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So without giving excessive background, I was working on baby Spivak & got to the stuff about exterior algebras, & now I'm going through the section on tensor algebras in my copy of Dummit/Foote to learn more. They define it (as usual?) as the R-algebra $\bigwedge(M) = T(M)/A(M)$ obtained by taking the quotient of the tensor algebra T(M) by the ideal A(M) generated by all elements $m\in M$ with the property that $m\otimes m = 0$. So that got me thinking about radicals, since Hungerford described them as a way to "mod out" unwanted elements of a ring. This is how he described the unwanted radical property P

i) the homomorphic image of a P-ring (ring with property P) is itself a P-ring
ii) every ring R contains a P-ideal P(R) that contains all other P-ideals
iii) P(R/P(R)) = 0
iv) P(P(R)) = P(R)
(& in this case P(R) is A(M) and T(M) is R of course)

So you can probably guess what I'm thinking. I can believe that i) & ii) hold at least when M is a vector space, and I can show iv), it's just iii) that I'm having trouble with, although that one doesn't seem hard to believe either. Also, if A(M) is a radical of T(M), when is T(M) itself radical and when is it semisimple? Are there any books or articles out there where someone has done it like this? Is there any advantage to doing it this way?

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No non-zero element $m$ of the tensor algebra $T(M)$ of a vector space is such that $m\otimes m=0$. –  Mariano Suárez-Alvarez Apr 28 '11 at 5:16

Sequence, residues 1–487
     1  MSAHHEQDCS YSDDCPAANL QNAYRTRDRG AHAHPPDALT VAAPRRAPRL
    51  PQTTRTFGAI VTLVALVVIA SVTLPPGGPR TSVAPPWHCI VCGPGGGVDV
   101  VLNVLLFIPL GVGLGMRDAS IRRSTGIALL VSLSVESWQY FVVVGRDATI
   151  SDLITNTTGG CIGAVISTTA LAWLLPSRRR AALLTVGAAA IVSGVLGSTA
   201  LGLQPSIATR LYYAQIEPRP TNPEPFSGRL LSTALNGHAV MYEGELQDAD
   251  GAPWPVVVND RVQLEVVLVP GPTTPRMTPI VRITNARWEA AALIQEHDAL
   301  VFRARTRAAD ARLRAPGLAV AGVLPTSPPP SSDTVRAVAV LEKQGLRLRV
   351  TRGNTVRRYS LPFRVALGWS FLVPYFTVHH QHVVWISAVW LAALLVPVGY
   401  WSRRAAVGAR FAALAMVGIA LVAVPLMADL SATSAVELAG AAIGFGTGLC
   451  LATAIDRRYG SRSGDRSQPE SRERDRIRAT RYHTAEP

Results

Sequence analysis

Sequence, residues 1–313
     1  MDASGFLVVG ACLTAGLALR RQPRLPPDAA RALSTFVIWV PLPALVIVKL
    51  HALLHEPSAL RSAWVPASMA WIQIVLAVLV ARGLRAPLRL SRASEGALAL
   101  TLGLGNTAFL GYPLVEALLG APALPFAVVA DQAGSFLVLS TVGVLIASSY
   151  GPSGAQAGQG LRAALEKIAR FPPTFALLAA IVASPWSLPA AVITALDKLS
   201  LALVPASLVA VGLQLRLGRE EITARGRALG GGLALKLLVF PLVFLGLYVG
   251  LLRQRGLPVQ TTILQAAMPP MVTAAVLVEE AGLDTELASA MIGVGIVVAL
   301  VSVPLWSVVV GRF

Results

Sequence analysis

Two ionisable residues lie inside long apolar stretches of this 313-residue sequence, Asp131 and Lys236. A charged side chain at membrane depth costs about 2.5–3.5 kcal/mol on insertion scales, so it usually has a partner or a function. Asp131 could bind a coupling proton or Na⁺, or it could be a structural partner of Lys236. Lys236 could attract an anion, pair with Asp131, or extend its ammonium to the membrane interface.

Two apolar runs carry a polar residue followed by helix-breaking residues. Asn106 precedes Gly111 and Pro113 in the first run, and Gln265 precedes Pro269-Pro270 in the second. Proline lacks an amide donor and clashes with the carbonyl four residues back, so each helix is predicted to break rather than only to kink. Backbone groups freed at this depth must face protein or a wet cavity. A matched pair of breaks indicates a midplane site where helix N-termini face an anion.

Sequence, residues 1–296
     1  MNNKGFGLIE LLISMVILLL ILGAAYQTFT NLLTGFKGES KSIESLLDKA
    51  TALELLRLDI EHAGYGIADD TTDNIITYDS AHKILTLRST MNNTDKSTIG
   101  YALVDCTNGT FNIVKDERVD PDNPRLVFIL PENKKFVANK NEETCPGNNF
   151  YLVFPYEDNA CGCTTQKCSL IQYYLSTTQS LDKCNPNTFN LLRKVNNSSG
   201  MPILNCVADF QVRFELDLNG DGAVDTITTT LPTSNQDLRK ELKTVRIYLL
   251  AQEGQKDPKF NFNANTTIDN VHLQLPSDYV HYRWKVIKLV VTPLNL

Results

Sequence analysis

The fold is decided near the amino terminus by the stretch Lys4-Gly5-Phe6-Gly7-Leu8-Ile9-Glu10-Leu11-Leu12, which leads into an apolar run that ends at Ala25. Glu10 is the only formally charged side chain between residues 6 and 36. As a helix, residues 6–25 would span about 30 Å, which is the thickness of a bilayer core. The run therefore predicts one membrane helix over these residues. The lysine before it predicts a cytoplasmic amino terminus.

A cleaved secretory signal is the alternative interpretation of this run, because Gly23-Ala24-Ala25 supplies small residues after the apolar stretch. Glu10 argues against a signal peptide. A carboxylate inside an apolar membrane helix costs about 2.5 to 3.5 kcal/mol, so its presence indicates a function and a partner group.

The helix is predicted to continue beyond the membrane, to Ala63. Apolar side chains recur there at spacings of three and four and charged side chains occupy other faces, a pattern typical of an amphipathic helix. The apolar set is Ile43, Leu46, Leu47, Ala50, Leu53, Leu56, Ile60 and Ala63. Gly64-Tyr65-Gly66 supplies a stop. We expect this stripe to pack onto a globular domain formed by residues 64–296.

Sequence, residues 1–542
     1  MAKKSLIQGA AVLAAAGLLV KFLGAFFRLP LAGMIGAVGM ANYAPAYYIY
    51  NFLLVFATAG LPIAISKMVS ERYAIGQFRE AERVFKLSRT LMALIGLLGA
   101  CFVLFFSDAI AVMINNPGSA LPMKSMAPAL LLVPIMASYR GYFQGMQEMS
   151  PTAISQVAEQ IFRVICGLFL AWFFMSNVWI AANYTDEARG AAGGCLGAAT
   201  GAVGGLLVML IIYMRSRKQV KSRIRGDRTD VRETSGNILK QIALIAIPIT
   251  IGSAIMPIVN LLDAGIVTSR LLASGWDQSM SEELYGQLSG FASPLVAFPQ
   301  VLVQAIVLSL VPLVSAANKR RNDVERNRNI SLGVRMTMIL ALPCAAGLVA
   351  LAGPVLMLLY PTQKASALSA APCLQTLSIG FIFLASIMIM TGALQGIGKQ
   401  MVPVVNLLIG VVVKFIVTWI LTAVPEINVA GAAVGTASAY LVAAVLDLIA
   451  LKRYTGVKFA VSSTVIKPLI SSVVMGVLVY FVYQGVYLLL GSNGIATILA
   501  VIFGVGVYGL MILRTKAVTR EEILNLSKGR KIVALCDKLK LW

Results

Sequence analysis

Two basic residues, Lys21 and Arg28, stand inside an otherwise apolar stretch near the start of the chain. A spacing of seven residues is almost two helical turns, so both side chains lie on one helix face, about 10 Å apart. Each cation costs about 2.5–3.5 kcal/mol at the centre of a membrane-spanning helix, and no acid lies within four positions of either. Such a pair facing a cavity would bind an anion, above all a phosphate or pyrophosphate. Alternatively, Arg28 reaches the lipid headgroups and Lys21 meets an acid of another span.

You've misstated the definition: the ideal is generated by the elements $m \otimes m$ for all $m$. I'm not sure I know what a radical or a P-ring is; could you give definitions of these? –  Qiaochu Yuan Apr 28 '11 at 6:02
    
@Qiaochu, an example should be explicative enough: a radical is a rule $P$ which assigns to a ring one of its ideals, and variations of that (the nilpotent radical, in the commutative case; the Jacobson radical; the torsion subgroup of an abelian groups; &c.) Usually one demands that $P$ be idempotent and that $P(X/P(X))=0$, for appropriate values of "quotient" and "zero". IIRC Anderson+Fuller discuss this for modules, but it tends to be scattered all over the place in various forms. –  Mariano Suárez-Alvarez Apr 28 '11 at 9:16
    
@ Qiaochu ok then m such that $m\otimes m \equiv 0\ mod(A(M))$ There are other examples on wiki en.wikipedia.org/wiki/Radical_of_a_ring –  sauron Apr 28 '11 at 17:48

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